When Jim Beer opened the Coin Broker in Palo Alto’s Town & Country Village shopping center some 40 years ago, he was retiring as a civil engineer and looking to further explore a lifelong hobby.

A collector of rare coins himself, Beer opened a store where he and his staff bought and sold rare coins, paper currency, gold and silver from around the world. Including everything from coins from ancient Greece and Rome to one of the 12 known 1870 silver dollars minted in San Francisco, currency of all shapes, sizes and chapters of history has passed through Beer’s store.

Nearly four decades later, Beer and his daughter Rebecca Clay Pippin moved the business from its longtime location in Town & Country to a retail storefront at 1604 Laurel St. in San Carlos, where they hope to continue helping enthusiasts build their collections and introducing coin novices to a new world.

Beer said he didn’t expect to become Town & Country’s longest-standing merchant when he first opened the store doors in 1980, a time when dozens of similar stores were also in business. But he acknowledged it can take several years to develop a body of knowledge for coins and rare materials, something he and his daughter have had some time to do.

Coin Broker

From left, Rebecca Clay Pippin, her father Jim Beer and Julie Boggs have moved the Coin Broker, a business Beer started in 1980, from its former location in Palo Alto to a new space on Laurel Street in San Carlos. Some 40 years ago, Beer opened the doors to a store that buys and sells rare coins, paper currency and precious materials and said he enjoys sharing his interest in currency with others.

“I didn’t figure it would go on for that long,” he said. “It takes a really long time to learn … how to grade coins [and] how to price them … you just don’t read a book and start doing this, you need to be in the business for years.”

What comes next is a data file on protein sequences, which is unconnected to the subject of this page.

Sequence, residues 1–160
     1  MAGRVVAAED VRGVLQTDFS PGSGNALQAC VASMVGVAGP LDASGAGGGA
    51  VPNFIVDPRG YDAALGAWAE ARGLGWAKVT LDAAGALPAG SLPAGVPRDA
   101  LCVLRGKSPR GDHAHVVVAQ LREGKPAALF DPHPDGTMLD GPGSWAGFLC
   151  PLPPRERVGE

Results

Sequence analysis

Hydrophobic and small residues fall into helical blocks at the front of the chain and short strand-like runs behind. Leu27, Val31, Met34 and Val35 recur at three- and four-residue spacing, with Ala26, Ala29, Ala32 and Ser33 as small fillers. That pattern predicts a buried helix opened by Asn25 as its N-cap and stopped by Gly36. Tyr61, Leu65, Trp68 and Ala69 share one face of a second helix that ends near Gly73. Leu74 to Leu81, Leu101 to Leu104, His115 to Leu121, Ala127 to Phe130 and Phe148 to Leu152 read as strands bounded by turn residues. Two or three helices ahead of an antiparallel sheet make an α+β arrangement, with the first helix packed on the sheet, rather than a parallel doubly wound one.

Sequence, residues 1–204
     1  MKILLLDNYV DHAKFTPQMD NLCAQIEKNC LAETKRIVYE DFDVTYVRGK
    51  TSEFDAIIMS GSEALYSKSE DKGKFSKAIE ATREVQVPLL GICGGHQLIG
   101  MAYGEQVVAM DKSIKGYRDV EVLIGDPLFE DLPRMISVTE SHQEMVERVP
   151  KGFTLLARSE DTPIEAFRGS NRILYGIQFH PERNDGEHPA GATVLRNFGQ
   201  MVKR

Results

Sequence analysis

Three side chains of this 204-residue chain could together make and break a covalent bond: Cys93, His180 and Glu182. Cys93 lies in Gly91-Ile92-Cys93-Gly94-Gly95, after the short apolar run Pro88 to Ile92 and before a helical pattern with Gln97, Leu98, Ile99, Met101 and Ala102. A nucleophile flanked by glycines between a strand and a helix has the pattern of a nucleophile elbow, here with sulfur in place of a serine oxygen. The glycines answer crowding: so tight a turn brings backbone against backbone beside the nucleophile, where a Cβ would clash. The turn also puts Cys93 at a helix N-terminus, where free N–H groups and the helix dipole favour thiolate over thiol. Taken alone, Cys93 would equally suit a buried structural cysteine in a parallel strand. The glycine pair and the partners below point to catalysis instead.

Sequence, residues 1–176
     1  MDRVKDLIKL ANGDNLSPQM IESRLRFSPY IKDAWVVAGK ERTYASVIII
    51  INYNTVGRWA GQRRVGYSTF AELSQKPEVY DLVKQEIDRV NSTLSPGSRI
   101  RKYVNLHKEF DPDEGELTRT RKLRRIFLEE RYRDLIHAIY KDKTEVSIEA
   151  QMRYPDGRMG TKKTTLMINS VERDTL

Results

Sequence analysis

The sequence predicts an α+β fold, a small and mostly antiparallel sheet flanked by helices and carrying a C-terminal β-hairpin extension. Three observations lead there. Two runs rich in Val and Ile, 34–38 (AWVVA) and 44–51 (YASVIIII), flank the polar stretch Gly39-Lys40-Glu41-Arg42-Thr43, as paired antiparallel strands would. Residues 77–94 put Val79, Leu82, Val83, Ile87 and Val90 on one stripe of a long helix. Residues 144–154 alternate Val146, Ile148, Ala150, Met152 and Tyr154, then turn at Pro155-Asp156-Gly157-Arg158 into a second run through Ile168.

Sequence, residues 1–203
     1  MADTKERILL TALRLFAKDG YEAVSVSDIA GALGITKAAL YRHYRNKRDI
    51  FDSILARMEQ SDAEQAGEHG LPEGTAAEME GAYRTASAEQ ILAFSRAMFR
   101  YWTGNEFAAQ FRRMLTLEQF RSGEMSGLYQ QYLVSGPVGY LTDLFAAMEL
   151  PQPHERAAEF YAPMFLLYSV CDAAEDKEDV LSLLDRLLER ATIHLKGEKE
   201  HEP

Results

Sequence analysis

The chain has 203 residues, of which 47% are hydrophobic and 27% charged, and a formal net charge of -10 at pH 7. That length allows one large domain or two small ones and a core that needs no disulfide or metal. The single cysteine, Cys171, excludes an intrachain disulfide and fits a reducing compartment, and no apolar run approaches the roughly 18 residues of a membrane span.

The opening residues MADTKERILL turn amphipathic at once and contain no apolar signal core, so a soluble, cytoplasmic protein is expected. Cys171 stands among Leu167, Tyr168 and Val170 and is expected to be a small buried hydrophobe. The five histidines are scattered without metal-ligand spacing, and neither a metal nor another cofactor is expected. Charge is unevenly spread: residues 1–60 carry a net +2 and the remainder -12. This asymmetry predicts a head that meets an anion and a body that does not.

For Pippin, her father’s hobby-turned-business has always loomed large. Though she has long shared an interest in coins with her father, she said she was around 10 years old when she first started going to coin shows with him. The father-daughter pair acknowledged that the internet has played a role in the drop in the number of Bay Area coin stores, with many believing they can find cheaper prices on the online marketplace.

But Pippin felt the pendulum has swung back toward retail stores for rare coins and precious metals, noting the opportunity to look at a coin and talk to experts at a retail location has become more valuable in the face of the counterfeit risks and customer service challenges that the internet presents.

“Having a retail store and actually looking at a tangible coin is still really, I think, important for the collector,” she said. “People appreciate coming to the coin shop and looking at it through the magnifying glass.”

Beer estimated some 95% of the materials their business handles today comes from people selling collections or estates they inherited. He added many prefer bringing their collections to a local dealer they trust over bringing them to shows. Customers have traveled to his business from China, Chicago, New York and all across the Bay Area, he said, giving his business a chance to help collectors develop some of the finest collections of coins and paper currency in the world.

Though Beer himself is focused on collecting on early Americana coins, or pieces from the nation’s Colonial era, he acknowledged ancient Chinese currency has been very popular in recent years. Pippin said customers have also gravitated toward the ancient Greek and Roman coins in the store’s collections over the years, just one piece of the store’s ever-growing collection that they have had to figure out how to fit in their new, smaller space in San Carlos.

“There’s not a lot we don’t have,” said Pippin. “We found that out as we were getting packed up to move.”

Pippin has also seen the U.S. Mint’s 50 State Quarters Program and subsequent America the Beautiful Quarters Program generate interest in United States history among children. She said numismatics, or the study of currency, can be a great educational tool for students and knows from experience that it can also be a great way to connect with family.

“For 10 cents, they can pick up a coin from anywhere in the world,” she said. “They can come into the coin shop and just feel like they’re traveling the world.”

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